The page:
[UNCLASSIFIED] Peruvian possiibilities

Subject: [UNCLASSIFIED] Peruvian possiibilities
Date: Mon, 6 Jun 2005 18:47:37 +1000

Well Butters, I must say I am pretty disappointed.

You can walk to the beach in Lima and would have seen more species than that. Although, it is true that West of the Andes birdlife is pretty sparse as most of the area is desert. Nevertheless only 3 hours (by slow bus) South of Lima is Pisco (which you could have done in a day) you would have got some great endemic bird ticks, and could have used the bird ID book 'Lonely Planet' which had most of the species in it. Books were very expensive and usually in Spanish. My notes from paracas


May 2003. After overnighting in Pisco we took a tour to Paracas national reserve and the Ballestas islands. Going to ballestas on a speed boat took 1/2 hr. we saw sealions, which had babies and at times frolicked around the boat, grey - peruvian boobies (which have a white collar but are grey), blue footed boobies- only 2, inca terns (black with red legs and beaks), turkey vultures (which eat baby birds), peru red legged cormorant (black with red legs), guanay cormorant, and black cormorant. Peru pelicans which are grey and 2/3 the size of ours, and 2 humbolt penguins, band tailed gull and kelp gulls and grey gulls.

The red legged cormorant is endangered because fishermen shelter in the ballestas island caves (ballestas means arches, ie cave arches) and the cormorant also lives in the caves and the fisherman eat them. On the island is also a guano factory.


Later, after lunch we passed to paracas reserve and saw about 200 chilean famingos, which have bright red wings, and ran into our swedish and netherlands buddies from Lima. The flamingos migrate inland to mountain lakes but because of el nino had stayed longer.  The boobies were diving into the ocean for fish and the pelicans were herding, it was pretty cool.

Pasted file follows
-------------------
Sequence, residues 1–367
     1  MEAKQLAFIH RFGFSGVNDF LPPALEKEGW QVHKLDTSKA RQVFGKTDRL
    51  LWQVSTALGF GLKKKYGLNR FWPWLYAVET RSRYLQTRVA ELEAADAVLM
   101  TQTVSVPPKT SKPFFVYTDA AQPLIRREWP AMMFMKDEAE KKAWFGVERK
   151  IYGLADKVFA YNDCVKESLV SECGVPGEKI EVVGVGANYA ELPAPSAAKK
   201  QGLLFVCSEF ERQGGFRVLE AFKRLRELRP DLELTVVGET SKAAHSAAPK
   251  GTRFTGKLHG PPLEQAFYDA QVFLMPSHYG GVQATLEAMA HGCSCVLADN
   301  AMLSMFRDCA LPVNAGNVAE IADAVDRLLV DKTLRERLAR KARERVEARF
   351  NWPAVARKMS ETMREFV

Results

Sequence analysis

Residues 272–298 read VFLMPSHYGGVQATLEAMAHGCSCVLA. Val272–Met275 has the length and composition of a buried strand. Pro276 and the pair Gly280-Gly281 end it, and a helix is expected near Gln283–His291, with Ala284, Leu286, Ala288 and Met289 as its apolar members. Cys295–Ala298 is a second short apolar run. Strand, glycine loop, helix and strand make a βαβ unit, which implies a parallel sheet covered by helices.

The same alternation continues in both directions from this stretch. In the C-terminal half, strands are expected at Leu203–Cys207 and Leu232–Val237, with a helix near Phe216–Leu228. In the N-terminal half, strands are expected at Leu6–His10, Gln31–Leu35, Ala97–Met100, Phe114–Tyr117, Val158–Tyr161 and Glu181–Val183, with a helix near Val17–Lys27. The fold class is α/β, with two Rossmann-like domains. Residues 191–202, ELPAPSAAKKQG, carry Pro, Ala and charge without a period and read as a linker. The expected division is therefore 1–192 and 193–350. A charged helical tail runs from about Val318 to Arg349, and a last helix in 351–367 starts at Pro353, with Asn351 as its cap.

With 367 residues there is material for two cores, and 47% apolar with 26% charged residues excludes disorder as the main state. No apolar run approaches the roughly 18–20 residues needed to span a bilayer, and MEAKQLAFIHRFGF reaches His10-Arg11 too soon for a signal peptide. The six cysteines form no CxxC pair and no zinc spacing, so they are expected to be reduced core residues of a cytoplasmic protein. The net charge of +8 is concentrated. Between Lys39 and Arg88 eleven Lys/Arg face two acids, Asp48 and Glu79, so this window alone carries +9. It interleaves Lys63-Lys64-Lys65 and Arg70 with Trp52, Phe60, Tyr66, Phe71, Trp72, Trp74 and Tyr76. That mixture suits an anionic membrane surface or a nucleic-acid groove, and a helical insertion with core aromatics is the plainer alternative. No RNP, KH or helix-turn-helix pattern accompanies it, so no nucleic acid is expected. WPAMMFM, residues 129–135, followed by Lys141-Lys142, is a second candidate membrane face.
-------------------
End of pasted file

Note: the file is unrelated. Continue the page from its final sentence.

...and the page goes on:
Alternatively Martin, you could have flown to Cusco (about 3 hours) and then to Manu National Park (about 1 hour) in the amazon and seen about 800 species (although I only saw about 100). The guides had bird books.

You really should have stayed for the weekend.



From: Martin and Frances [
Sent: Sunday, 22 May 2005 10:16 AM
To: canberrabirds
Subject: [canberrabirds] Peruvian possiibilities

Those who wish see a short, but probably irrelevant, note about my most recent failure to identify birds may be amused by the attached.


IMPORTANT - This message has been issued by The Department of Agriculture, Fisheries and Forestry (DAFF). The information transmitted is for the use of the intended recipient only and may contain confidential and/or legally privileged material. It is your responsibility to check any attachments for viruses and defects before opening or sending them on.

Any reproduction, publication, communication, re-transmission, disclosure, dissemination or other use of the information contained in this e-mail by persons or entities other than the intended recipient is prohibited. The taking of any action in reliance upon this information by persons or entities other than the intended recipient is prohibited. If you have received this e-mail in error please notify the sender and delete all copies of this transmission together with any attachments. If you have received this e-mail as part of a valid mailing list and no longer want to receive a message such as this one advise the sender by return e-mail accordingly. Only e-mail correspondence which includes this footer, has been authorised by DAFF


<Prev in Thread] Current Thread [Next in Thread>

The University of NSW School of Computer and Engineering takes no responsibility for the contents of this archive. It is purely a compilation of material sent by many people to the Canberra Ornithologists Group mailing list. It has not been checked for accuracy nor its content verified in any way. If you wish to get material removed from the archive or have other queries about the list contact David McDonald, list manager, phone (02) 6231 8904 or email . If you can not contact David McDonald e-mail Andrew Taylor at this address: andrewt@cse.unsw.EDU.AU